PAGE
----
Socialist Worker

Story of race in the US leaves audience floundering

by Jay Williams
Issue No. 2643

Fisayo Akinade

Fisayo Akinade


Race and class in Trump’s America form the spine of this well-directed play.

There are strong performances throughout, especially from Fisayo Akinade who plays Mark, the pivotal role.

The title could be a reference to Shakespeare’s The Tempest. But it’s hard to be sure, and that leaves a sense of frustration.

There is obvious symbolism, clunky metaphors and jarring puns.

Mark, although born in Africa, was adopted as a baby and grew up in an entirely white environment.

He has one foot in each of black and white America and is conflicted about his identity.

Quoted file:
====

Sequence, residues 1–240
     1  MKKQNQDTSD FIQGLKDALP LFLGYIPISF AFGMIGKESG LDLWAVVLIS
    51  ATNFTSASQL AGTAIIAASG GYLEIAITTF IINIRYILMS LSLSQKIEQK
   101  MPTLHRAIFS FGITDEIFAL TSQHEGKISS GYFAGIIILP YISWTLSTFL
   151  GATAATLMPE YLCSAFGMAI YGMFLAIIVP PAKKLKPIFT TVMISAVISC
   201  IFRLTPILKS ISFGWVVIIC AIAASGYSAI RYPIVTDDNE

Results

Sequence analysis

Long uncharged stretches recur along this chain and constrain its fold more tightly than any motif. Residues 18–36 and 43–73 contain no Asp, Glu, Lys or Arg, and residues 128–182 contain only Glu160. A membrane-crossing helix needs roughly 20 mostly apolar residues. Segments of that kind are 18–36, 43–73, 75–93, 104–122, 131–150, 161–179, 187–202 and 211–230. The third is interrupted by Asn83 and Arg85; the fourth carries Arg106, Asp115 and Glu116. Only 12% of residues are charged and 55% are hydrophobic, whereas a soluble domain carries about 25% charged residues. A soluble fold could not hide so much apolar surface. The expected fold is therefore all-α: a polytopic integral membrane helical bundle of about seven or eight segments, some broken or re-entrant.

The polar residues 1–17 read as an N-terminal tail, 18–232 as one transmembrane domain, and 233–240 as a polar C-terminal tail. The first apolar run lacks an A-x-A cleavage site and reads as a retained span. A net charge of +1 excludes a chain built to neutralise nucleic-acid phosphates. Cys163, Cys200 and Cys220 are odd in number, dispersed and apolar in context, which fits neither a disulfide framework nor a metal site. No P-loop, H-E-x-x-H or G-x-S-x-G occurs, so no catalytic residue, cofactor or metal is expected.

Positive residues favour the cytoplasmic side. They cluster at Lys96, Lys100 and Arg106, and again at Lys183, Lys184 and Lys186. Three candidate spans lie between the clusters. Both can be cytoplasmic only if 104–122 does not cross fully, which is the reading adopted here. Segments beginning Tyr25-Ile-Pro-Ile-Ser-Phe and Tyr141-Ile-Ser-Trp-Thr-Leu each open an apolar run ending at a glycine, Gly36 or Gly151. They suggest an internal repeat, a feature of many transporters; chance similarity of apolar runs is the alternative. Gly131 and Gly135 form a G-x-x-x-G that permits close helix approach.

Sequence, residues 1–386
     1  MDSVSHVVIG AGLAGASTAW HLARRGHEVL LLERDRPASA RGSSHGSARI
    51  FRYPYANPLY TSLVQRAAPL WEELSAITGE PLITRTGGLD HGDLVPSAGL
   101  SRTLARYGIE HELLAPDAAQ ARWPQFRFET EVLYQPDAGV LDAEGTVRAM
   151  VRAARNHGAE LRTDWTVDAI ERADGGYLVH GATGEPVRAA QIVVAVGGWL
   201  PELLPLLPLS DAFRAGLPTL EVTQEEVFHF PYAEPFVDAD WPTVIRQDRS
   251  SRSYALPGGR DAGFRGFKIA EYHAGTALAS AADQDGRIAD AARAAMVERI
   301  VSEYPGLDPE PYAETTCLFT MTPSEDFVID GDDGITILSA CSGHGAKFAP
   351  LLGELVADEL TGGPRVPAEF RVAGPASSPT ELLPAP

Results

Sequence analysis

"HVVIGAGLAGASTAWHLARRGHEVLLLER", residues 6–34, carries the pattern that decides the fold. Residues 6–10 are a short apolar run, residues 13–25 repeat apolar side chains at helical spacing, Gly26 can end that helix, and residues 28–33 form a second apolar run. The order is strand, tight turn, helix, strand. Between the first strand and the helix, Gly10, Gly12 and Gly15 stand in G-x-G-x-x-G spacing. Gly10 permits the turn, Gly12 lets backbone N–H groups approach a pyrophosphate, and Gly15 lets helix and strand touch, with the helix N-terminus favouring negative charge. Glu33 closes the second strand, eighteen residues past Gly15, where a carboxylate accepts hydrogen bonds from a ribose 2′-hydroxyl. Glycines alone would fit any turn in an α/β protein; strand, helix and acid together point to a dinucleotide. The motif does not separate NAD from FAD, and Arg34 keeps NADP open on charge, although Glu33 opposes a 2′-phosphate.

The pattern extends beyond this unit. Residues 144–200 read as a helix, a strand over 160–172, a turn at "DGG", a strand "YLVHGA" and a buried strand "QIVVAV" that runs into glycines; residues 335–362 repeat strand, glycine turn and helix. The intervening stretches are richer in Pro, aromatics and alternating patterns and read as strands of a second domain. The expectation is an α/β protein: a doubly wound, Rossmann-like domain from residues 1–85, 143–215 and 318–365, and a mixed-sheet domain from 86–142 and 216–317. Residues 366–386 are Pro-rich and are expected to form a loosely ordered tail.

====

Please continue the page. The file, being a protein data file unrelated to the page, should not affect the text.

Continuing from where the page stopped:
It is during Mark’s speeches that Washburn’s writing is at its best.

Plays

The same black actor who plays Mark also plays George W Bush.

This may be supposed to be edgy, but it comes across as silly.

At the end of the first half Bush and Trump fight. Trump the usurper is the victor and banishes a Republican dynasty.

The latter part of the play is completely different to the rest.

There are no more stagey performances or internal discussions about the nature of drama. Trump appears as leader of a cult. The epaulettes of his cloak form the white power hand symbol.

Sound design and a rotating stage are used effectively here and it is a real spectacle.

At the end of the play the two narratives are cleverly brought together as we realise that all the characters are in the imagination of just one.

Despite moments like this, Shipwrecks’ dialogue still sounds like a transcript from a Democrat’s dinner party.

Shipwreck

Until 30 March at the Almeida Theatre, London

almeida.co.uk


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